In divorce cases at Broder & Orland LLC, we often add a forensic expert to our team. This is particularly true in the financial realm. Many of our cases emanating from Greenwich, Westport, and throughout Connecticut involve sophisticated financial structures, including interests in private equity, hedge funds, and venture capital entities. Disputes arise over valuation and issues like carried interest. It is therefore critical to involve a forensic with expertise in these areas.
Certain compensation structures involve stock options, restricted stock, phantom income, and deferred compensation. A financial forensic expert will assist counsel in analyzing documents so that nothing is left on the table. He or she will provide projections as to the realization of these items and help craft a mechanism for allocating them, sometimes “if, as and when” they are actually received, which is often after the divorce is finalized.
Another area requiring the involvement of an expert is the valuation of a business. The expert will review such items as tax returns, K-1s, profit and loss statements, balance sheets, general ledgers, operating agreements, partnership agreements, bank statements, and payroll documents. Additionally, the expert may do an analysis to normalize earnings to prevent double dipping, so that a reasonable compensation is extracted from the valuation of the business and not counted twice.
In other instances, we utilize a forensic expert to analyze spending in order to determine actual income. The expert will trace expenditures by reviewing bank account and credit card statements, as well as ATM withdrawals. It can be time consuming and laborious to pore over these documents, but it is especially necessary when a party has access to cash in a business.
We will occasionally involve an expert to trace offshore and foreign investments. The expert has access to a wide range of resources and industry tools that are helpful in tracking down these assets. He or she is well versed in analyzing and interpreting the data which is often complicated by design.
We also use forensic experts to analyze personal, partnership, and corporate tax returns. These returns often provide us with a trove of information which, when unscrambled by the expert, provides us with a clear picture of the parties’ finances. While experienced divorce counsel should have a good working knowledge of tax returns, we are typically not CPAs or accountants, and therefore consulting with such experts is often necessary.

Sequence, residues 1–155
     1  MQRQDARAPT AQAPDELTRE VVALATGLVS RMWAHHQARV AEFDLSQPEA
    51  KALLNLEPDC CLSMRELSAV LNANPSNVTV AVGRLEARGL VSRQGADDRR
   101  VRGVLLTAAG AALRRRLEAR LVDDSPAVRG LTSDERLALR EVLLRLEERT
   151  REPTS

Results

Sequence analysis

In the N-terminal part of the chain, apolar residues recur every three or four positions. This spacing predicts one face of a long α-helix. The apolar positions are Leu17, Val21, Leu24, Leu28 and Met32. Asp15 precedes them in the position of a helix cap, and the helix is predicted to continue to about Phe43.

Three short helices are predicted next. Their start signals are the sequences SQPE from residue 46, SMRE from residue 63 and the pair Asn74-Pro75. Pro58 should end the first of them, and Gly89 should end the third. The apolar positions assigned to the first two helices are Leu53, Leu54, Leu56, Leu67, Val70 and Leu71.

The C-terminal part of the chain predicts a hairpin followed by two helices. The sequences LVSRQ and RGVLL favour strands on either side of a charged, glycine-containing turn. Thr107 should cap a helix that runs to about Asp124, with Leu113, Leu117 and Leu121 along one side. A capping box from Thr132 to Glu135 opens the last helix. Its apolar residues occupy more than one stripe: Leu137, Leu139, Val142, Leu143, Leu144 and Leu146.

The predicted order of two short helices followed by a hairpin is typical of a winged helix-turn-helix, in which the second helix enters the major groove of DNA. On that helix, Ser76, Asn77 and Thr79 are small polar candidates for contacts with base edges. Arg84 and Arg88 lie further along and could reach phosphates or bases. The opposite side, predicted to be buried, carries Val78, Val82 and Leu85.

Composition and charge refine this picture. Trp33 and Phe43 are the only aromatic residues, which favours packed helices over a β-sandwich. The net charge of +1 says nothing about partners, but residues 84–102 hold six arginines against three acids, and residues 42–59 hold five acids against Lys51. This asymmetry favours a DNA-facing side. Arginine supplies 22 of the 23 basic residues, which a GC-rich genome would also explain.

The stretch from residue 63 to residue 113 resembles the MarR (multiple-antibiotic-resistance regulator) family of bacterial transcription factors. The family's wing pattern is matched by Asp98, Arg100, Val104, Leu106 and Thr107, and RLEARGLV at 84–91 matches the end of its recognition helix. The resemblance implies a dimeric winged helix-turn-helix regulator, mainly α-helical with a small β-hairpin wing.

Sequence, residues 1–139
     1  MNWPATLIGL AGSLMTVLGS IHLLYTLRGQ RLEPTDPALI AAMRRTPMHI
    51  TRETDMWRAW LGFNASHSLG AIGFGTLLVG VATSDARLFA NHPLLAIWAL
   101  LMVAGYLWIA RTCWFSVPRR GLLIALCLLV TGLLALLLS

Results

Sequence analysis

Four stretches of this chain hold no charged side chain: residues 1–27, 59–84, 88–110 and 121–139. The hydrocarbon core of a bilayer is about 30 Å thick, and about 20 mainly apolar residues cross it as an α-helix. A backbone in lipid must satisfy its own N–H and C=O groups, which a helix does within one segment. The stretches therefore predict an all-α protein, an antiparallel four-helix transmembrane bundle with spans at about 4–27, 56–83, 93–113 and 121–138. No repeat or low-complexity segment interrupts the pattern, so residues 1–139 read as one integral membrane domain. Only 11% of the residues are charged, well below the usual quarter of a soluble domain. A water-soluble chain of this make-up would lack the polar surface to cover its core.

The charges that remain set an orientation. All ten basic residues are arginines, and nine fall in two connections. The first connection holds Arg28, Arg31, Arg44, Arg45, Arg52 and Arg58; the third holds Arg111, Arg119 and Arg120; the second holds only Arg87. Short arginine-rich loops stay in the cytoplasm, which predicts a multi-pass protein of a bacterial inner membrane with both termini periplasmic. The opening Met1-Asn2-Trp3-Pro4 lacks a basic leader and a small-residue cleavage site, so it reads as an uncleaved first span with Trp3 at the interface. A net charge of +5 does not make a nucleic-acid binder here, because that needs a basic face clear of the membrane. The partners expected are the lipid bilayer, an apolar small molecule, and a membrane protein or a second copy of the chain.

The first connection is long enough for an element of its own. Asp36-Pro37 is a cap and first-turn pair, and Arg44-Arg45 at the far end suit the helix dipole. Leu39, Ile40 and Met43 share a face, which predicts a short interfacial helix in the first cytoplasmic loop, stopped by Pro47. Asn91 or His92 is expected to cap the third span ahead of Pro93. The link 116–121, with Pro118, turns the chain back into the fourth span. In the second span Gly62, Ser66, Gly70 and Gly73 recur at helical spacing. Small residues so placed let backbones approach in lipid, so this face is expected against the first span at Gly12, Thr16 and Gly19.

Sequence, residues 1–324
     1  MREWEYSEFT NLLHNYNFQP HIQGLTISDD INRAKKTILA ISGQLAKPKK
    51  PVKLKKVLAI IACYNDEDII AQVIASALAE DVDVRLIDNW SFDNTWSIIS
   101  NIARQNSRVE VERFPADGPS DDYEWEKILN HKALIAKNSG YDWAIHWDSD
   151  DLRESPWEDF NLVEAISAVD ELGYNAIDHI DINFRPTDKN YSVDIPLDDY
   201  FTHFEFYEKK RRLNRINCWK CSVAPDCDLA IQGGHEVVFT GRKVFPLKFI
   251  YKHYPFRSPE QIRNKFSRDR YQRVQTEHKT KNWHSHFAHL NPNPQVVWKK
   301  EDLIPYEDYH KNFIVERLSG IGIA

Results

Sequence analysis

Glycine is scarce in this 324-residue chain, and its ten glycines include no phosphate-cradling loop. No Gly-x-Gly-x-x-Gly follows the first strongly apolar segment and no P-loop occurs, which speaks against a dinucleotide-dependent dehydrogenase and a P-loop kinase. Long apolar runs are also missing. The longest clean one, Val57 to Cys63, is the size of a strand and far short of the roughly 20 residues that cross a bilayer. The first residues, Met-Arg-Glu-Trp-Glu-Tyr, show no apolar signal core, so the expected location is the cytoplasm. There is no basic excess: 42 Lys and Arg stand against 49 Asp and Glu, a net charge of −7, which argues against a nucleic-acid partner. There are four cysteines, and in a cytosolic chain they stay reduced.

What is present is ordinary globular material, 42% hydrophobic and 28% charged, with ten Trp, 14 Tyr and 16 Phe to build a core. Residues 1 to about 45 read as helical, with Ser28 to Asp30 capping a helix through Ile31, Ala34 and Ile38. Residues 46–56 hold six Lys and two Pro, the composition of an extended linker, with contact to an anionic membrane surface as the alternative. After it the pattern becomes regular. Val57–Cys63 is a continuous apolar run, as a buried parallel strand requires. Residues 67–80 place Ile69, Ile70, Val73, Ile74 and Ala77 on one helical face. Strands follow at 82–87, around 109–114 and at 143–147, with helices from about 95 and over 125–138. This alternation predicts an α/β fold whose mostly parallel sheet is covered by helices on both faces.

So at what stage do we get the forensic financial expert involved? In our practice, it is often the very first call we make after our client retains us. Each expert brings personal strengths and perspectives to the case, and we want to make sure our client hires the optimal expert. Having our expert in at the outset also provides us with an overall understanding of the case and a roadmap as to the best and most efficient way to proceed. We have our expert design for us discovery requests which target the documentation we will need to prove our case, as well as to review and analyze those documents when we receive them.
We often use our expert during negotiations with our adversary, who most often has an expert as well. Many times, counsel instructs the two experts to talk to each other in order to resolve disputes and to assist in settling the case. This works particularly well when both experts are highly reputable and experienced and when they have mutual respect for one another. In many instances, we have our expert prepare us for depositions involving finances and sometimes we have our expert sit in on the deposition to assist as needed. A skilled expert can also be very valuable in the type of mediation we sometimes employ just prior to trial, where the model involves a former judge or esteemed member of the bar, counsel, and clients. It is usually the last best chance to settle the case and a talented expert can often be instrumental in arriving at a resolution.
Finally, in cases where trial is the only option, the financial forensic expert will not only assist in preparation, but also testify during the proceedings. The Court must qualify the expert before he or she can testify to substantive issues and before being allowed to render an opinion. Experts we use have been qualified many times in courts throughout the state, so it is rarely an issue in cases we handle. If an expert is to testify, counsel has previously filed a document known as an Expert Disclosure, which, according to our Rules of Procedure, Section 13-4, includes the field of expertise and the subject matter on which the witness is expected to offer expert testimony; the expert opinions to which the witness is expected to testify; and the substance of the grounds for each such expert opinion. A well-drafted Expert Disclosure, prepared with the assistance of an experienced expert, will prevent any qualification and evidentiary issues at trial.
At Broder & Orland LLC, we have included financial forensic experts to our team in a multitude of cases. We know which expert is best suited for a particular matter and are adept at maximizing that person’s expertise to achieve the best results for our clients. While hiring an expert appears to add cost to the case, in the long run, it usually makes for a more cost effective way of developing that case and typically maximizes the financial results for the client. In short, it is most often money well spent.